In Bilotta v. Citizen’s Information Associates, LLC, Case No.: 13-2811, 2014 WL 2050853 (M.D. Fla. May 19, 2014) (Bilotta v Citizens), the United States District Court for the Middle District of Florida recently denied the plaintiff’s motion for class certification in a putative class action brought against the owners and operators of,,,, and (hereinafter “the Websites”).  The Websites retrieve mug shots from various law enforcement websites, publish them, and then charge a fee to remove them.

After her mug shot was posted on one of the Websites, Plaintiff filed a complaint for injunctive relief and damages for violations of Florida’s Right to Publicity Statute (Fla. Stat. § 540.08), common law invasion of privacy, violation of Florida’s Deceptive and Unfair Trade Practices Act (Fla. Stat. § 501.201, et seq.), and unjust enrichment.  Plaintiff did not allege that she paid to have her mug shot removed from any of the Websites or that her image had substantial commercial value.  Plaintiff, therefore, sought certification only of the injunctive relief claims for violations of §§ 540.08 and 501.201, et seq.  Plaintiff did not request certification as to any damages claims.  The proposed class was defined as: “[a]ll persons who were arrested in Florida and whose names and photographs have been published on the Websites since August 30, 2009.”  Id. at *1.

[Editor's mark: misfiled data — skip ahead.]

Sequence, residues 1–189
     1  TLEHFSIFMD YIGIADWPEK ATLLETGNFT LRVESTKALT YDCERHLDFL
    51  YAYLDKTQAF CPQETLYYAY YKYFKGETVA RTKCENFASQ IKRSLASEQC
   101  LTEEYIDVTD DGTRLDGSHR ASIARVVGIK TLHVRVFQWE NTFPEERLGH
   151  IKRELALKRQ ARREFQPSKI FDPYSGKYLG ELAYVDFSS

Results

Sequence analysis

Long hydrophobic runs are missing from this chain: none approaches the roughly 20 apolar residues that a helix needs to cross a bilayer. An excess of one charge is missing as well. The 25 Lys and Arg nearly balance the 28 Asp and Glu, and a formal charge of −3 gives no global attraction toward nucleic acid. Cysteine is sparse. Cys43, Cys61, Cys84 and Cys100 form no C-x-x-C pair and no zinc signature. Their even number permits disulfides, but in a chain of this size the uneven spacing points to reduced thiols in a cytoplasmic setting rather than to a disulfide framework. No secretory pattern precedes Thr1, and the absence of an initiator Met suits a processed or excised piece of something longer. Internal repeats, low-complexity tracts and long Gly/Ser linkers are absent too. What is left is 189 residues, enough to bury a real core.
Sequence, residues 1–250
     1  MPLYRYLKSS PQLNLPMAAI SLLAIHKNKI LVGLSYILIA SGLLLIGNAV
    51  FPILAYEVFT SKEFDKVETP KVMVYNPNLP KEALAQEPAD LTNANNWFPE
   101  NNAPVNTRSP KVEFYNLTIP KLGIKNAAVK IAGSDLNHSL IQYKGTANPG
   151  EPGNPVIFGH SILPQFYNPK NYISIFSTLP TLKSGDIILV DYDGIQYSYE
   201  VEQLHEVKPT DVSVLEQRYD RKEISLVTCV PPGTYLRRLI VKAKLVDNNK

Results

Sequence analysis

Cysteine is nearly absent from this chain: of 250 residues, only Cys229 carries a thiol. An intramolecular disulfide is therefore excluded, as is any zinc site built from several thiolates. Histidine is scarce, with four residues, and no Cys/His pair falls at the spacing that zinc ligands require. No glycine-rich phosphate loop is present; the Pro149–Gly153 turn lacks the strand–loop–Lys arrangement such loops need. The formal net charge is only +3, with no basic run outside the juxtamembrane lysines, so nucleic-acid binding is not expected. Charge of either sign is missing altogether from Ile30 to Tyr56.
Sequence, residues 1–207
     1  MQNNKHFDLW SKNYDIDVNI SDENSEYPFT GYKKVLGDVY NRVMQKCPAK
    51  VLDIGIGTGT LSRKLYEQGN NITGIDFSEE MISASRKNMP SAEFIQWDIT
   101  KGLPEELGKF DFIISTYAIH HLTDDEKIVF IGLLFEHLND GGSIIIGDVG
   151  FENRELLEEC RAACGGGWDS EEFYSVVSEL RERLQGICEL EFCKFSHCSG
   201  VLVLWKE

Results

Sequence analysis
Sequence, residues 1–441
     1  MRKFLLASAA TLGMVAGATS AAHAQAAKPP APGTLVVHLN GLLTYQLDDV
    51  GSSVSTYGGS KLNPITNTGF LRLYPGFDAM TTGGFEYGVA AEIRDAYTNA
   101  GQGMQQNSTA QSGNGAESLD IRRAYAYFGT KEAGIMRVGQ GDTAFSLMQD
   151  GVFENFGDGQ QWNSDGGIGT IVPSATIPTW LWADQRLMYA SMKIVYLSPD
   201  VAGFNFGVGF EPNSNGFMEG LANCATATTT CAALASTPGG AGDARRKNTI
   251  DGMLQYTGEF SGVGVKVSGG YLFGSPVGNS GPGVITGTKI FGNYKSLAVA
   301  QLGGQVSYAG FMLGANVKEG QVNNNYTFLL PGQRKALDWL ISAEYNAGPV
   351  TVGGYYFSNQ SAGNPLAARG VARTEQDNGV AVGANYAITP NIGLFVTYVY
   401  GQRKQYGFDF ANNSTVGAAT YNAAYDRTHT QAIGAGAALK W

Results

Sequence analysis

Although Plaintiff established the numerosity, commonalty, and typicality requirements of Federal Rule of Civil Procedure 23(a), she did not convince the Court that she was an adequate class representative.  Specifically, the Court found that “Plaintiff’s claims differ significantly from those of the class members who paid for the unpublishing services and those individuals whose images have substantial commercial value.  Plaintiff has not demonstrated any commercial value in her image or likeness and has made it clear that she will not pursue monetary damages as a class, thereby depriving class members of the opportunity to litigate all of their claims in one action and determine whether there is more value in the monetary relief as opposed to the injunctive relief.”  Id. at *5 (internal citations omitted).

The Websites are not out of the woods yet, however, as the Court’s ruling appears to suggest that certification would be appropriate with a more suitable class representative.